The Common Good
January-February 2003

Tax the Rich?

by Chuck Collins, William H. Gates Sr | January-February 2003

William Gates Sr.—whose son is Microsoft founder Bill Gates—joins with co-author Chuck Collins to argue that the wealthiest among us have an obligation to pay their fair share.

William Gates Sr.—whose son is Microsoft founder Bill Gates—joins with co-author Chuck Collins to argue that the wealthiest among us have an obligation to pay their fair share.

In the last several years, Congress has debated whether to eliminate the federal estate tax—or "death tax"—our nation's only levy on accumulated wealth. The paltry debate over elimination of the tax has not grappled adequately with the negative consequences of repealing the estate tax.

One hundred years ago, during the first Gilded Age, we had a rigorous debate about the dangers of concentrated wealth in a democracy. The debate over the estate tax goes to the heart of the question of "what kind of country do we want to become" and ethical questions about society's claim upon the accumulated fortunes of the wealthy.

Ten years ago, a number of wealthy families—including the heirs to the Mars and Gallo fortunes—began bankrolling a campaign for wholesale repeal of the tax. Instead of revealing the true beneficiaries of repeal—households in the top 1 percent of wealth holders—they put forward a media campaign representing farmers and small-business owners as injured parties to the tax. Much of this mythmaking, however, has obscured the dangerous impact of eliminating the tax.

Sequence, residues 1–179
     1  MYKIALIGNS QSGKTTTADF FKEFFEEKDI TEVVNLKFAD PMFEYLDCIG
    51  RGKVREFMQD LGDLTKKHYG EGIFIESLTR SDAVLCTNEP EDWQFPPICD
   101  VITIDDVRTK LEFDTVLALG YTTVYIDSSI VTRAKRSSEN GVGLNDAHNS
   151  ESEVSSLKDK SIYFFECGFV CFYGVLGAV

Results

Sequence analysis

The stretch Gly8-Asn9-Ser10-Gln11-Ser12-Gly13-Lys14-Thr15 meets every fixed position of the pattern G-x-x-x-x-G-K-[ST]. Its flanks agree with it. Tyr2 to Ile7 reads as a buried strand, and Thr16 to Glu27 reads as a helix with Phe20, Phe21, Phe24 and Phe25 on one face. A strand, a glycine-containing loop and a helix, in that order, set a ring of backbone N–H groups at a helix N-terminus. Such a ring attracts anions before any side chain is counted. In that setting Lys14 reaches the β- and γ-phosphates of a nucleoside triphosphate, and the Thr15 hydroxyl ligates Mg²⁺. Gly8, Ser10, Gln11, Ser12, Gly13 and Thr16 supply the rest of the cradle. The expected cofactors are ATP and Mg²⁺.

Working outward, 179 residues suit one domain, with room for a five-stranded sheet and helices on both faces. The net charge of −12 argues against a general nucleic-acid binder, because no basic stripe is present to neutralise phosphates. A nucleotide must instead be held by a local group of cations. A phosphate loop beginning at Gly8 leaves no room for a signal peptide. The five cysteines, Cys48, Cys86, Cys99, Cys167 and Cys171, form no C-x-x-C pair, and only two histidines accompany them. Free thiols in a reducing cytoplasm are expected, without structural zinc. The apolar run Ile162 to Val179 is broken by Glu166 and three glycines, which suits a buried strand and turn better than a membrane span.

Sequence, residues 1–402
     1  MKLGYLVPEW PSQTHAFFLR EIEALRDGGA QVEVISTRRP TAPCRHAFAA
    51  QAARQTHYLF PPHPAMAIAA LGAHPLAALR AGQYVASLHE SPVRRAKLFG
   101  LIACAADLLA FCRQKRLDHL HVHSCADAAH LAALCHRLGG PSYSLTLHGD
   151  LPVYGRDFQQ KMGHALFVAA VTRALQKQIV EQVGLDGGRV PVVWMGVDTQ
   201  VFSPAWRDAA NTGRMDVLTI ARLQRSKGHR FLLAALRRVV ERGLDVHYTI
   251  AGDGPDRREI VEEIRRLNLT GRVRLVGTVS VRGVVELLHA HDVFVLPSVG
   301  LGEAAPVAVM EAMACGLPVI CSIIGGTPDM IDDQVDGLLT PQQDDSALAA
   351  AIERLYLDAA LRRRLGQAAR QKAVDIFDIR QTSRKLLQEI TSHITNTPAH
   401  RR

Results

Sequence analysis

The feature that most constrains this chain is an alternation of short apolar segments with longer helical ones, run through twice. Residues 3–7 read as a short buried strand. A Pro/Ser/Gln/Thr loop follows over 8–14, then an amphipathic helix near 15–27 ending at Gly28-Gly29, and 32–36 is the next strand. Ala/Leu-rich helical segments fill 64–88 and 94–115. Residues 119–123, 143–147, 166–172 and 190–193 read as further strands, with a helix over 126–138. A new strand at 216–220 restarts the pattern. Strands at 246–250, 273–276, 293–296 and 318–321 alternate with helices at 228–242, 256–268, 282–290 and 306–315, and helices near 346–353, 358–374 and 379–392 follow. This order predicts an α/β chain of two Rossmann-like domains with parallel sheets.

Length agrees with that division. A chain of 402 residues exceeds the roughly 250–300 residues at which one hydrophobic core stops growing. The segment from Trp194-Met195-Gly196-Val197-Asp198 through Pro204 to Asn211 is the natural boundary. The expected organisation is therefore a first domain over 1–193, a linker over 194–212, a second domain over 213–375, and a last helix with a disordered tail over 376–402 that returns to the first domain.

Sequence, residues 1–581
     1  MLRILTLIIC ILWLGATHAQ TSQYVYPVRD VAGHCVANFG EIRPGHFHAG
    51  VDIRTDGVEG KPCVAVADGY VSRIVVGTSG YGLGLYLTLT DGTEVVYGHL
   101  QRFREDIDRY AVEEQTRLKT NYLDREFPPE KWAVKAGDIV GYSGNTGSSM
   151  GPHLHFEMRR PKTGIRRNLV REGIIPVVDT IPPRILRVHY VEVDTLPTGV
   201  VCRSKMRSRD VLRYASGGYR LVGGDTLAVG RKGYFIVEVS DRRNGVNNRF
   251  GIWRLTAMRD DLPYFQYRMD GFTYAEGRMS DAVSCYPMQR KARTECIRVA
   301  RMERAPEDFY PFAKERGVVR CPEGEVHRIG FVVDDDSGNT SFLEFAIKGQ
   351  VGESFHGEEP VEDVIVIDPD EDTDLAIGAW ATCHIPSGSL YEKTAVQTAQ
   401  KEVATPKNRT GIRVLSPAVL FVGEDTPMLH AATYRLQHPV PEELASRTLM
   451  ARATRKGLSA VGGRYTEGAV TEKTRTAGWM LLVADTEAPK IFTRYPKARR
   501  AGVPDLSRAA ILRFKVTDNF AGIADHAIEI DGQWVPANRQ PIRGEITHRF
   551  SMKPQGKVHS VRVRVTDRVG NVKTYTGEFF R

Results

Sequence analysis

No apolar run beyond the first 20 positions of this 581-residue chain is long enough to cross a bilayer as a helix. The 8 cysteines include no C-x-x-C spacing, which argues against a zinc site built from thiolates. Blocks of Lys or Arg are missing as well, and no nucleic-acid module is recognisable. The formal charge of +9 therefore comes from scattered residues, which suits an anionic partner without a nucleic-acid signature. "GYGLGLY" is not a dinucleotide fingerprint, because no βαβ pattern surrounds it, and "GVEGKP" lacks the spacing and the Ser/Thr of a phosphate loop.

Proponents of repeal argue that the estate tax is un-American, that it punishes success and discourages parents from passing on wealth and businesses to their children. They successfully included elimination of the estate tax in President Bush's Tax Relief Act of 2001, through which the estate tax would gradually be phased out and then repealed for one year in 2010. Now repeal advocates are pressing to permanently eliminate the estate tax.

WHY PRESERVE the estate tax? The tax generates substantial revenue to pay for government. These funds are raised from those most able to pay—households in the richest 1 percent. Between now and 2009, the amount of wealth exempted prior to paying the tax will rise to $3.5 million. Based on recent IRS data, that means that only about 6,000 estates a year will pay the tax, with an average estate valued at more than $21 million. Eliminating the revenue from the estate tax will shift the tax burden off those most able to pay onto everyone else or lead to cuts in services for those most in need.

Many states have state-level inheritance or estate taxes that are linked to the federal estate tax. Repeal of the federal estate tax may lead to a severe drop in revenue for states—an estimated $5 billion—at a time when they can ill afford the loss. Almost every state in the country is grappling with severe budget deficits and many are cutting lifeline social programs for low- and middle-income people.

The estate tax serves as a catalyst for charitable giving. Many people give to their religious congregation, community organizations, and other charities regardless of the tax advantages. But evidence suggests the estate tax encourages wealthy households to give even more, particularly households with wealth higher than $20 million. Bequests motivated by the estate tax go toward creation or capitalization of foundations, medical and research organizations, and religious organizations. A U.S. Treasury Department report estimates that charitable giving will drop by $6 billion a year without an estate tax incentive.